So About Detangling — Should You Do It Wet Or Dry? What Experts Say To Prevent Breakage
If done wrong, detangling can cause a big ol' mess: Harsh pulling can mean pain and irritation at the scalp, frayed ends, and mass shedding. Ever look at your brush and see big clumps of knotted hair? Yeah, that's a signal that you could likely stand to be a bit gentler to your delicate strands.
But what people often don't realize is that there are specific ways to detangle your hair depending on your hair type—and that all comes down to whether you are doing it wet or dry. See, some argue that detangling your hair when wet can stretch out the strand and rough it up when it's at its most vulnerable (more on that soon), while others simply scoff at the idea of taking a brush to their fully dried strands—knowing it would result in broken strands littered on the bathroom floor.
So, let's detangle detangling, shall we?
For loose waves or straight strands: Detangle dry.
So, if your hair is straight to loose waves, you should opt for brushing or combing your hair while dry. This is because your hair is structurally its weakest while wet. "Hair is very elastic when it's wet," Clay Nielsen, a hair care expert and celebrity stylist, previously told us about wet hair. So if you are brushing it while sopping wet, it can stretch out the strand leading to breakage as it dries and shrinks back up.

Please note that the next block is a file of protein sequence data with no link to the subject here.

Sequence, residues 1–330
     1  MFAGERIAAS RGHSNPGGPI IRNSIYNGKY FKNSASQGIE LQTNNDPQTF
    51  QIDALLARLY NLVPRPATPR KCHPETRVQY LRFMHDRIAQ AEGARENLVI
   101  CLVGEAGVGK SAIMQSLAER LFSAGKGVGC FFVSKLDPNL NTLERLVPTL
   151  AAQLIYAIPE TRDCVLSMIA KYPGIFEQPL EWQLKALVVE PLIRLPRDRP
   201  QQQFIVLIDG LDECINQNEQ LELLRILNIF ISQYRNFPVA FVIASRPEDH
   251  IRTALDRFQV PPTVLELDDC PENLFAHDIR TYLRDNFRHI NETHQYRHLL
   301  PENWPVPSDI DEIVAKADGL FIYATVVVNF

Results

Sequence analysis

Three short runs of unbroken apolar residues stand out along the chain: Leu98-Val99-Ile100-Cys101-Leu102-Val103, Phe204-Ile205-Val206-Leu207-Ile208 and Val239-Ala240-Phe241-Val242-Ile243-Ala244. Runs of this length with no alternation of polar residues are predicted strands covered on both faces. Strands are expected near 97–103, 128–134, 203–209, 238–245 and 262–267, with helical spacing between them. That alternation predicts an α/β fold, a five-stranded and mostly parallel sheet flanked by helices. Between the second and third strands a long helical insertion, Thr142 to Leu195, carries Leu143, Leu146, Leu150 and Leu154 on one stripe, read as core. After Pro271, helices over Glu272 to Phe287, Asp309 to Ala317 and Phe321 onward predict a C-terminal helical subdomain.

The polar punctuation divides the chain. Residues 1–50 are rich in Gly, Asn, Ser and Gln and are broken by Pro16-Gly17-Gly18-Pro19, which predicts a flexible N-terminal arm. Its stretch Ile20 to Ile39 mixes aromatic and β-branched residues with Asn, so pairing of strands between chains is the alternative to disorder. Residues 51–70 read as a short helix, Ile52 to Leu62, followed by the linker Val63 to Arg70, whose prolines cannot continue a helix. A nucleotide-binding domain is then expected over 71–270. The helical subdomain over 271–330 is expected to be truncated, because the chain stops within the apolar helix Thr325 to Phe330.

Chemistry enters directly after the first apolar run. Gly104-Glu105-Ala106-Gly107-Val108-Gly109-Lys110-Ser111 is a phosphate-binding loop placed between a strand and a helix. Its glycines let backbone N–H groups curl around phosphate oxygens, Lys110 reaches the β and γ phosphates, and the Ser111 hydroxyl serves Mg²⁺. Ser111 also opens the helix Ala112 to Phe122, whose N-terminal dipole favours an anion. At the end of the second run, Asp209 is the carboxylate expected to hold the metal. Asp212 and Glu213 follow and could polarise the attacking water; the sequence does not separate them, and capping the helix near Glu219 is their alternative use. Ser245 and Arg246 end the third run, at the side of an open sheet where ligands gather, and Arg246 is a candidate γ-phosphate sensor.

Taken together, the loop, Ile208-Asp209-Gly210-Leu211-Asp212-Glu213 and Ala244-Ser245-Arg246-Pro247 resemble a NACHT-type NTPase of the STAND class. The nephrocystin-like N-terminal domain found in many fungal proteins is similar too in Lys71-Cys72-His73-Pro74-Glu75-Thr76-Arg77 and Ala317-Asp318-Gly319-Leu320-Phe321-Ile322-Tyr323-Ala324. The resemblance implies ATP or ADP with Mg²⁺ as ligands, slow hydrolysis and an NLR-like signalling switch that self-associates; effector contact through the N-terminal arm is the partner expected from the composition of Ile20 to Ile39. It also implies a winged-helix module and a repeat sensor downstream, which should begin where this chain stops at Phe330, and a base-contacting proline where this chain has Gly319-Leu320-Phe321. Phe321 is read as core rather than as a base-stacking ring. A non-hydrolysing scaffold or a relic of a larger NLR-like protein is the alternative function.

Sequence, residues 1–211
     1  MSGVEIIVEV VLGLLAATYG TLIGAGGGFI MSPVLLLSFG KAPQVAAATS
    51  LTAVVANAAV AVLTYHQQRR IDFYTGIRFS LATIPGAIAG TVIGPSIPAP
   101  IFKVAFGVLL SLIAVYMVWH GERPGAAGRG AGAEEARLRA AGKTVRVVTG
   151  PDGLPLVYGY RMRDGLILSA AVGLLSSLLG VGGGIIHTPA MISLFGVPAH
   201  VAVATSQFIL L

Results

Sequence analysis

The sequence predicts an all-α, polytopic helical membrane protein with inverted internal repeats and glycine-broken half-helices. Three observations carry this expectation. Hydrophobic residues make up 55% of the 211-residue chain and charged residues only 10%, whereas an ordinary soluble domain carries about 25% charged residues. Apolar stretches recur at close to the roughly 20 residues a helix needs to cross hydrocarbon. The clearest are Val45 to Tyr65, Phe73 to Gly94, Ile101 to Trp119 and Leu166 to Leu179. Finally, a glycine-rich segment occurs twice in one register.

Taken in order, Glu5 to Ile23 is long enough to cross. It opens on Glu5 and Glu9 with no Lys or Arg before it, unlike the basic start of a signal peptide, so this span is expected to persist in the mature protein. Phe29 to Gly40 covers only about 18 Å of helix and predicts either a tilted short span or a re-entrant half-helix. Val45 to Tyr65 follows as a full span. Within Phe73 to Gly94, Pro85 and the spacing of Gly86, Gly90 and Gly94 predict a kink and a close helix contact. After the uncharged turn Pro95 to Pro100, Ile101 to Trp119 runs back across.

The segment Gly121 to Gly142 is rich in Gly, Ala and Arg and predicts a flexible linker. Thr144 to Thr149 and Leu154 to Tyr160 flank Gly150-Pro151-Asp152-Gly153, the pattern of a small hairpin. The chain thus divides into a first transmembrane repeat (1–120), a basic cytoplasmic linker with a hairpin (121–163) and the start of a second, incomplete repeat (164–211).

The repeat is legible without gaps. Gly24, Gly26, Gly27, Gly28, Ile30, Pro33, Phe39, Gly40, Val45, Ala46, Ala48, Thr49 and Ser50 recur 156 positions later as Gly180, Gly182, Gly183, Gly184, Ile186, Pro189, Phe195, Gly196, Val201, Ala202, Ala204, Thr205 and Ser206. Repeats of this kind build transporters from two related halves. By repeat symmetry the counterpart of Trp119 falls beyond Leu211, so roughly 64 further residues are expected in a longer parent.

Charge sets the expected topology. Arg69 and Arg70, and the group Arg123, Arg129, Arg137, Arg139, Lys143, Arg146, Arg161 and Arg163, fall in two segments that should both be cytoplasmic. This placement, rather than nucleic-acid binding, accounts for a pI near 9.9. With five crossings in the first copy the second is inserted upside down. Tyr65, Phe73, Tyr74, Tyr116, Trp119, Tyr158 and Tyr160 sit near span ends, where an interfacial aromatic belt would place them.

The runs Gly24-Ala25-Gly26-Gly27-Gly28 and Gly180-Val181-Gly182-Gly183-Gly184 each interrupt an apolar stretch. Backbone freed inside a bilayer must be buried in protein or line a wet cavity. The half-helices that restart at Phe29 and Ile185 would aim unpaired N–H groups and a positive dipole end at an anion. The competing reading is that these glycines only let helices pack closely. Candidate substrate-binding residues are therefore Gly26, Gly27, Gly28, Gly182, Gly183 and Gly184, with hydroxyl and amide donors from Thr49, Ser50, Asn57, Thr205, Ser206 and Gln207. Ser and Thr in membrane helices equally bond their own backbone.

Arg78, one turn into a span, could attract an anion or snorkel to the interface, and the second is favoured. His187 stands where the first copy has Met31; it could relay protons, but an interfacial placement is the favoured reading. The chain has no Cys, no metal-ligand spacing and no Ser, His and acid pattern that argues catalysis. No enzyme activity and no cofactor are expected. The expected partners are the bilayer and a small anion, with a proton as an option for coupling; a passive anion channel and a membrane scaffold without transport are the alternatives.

Instead, stylists recommend gently brushing your hair from root to tip before your shower. And remember: Be patient. You never know when you're going to hit a snag or knot, so you should be careful as you don't want to accidentally pull out a small chunk of hair. Finally, if you feel you need a bit of help (like, say your hair is particularly unruly) a spritz or two of a leave-in can help the process.
For curls: Wet with loads of conditioner.
Now, if you have curls or coils (or even particularly tangle-prone waves), you likely know that detangling while dry is, uh, a recipe for a disaster. Not only can this result in hair loss, but it's painful! Instead, wait till you get in the shower.
"Never dry brush your ringlets. Cleanse scalp and hair in warm water to remove dirt, sweat, and product buildup, then rinse, then apply conditioner," says hairstylist Miko Branch, co-founder of hair care line Miss Jessie's Originals. "Use a nourishing conditioner to gently detangle hair. Practice patience, be kind to your hair, and use your fingers and/or a wide-toothed comb."
See, the conditioner is able to soften and nourish strands while wet: Essentially it creates a physical barrier around your hair, making the detangling process much gentler. Plus it can add some slip to help you work through knots and tangles (a common issue for curly gals). So even if your hair is structurally weakest, the conditioner will provide enough protection to mitigate any issues.
How you detangle strands should depend on your hair type. (Much like any hair care tip is type-dependent.) The most important thing to remember for anyone is to be gentle on your hair, go slow, and never pull.
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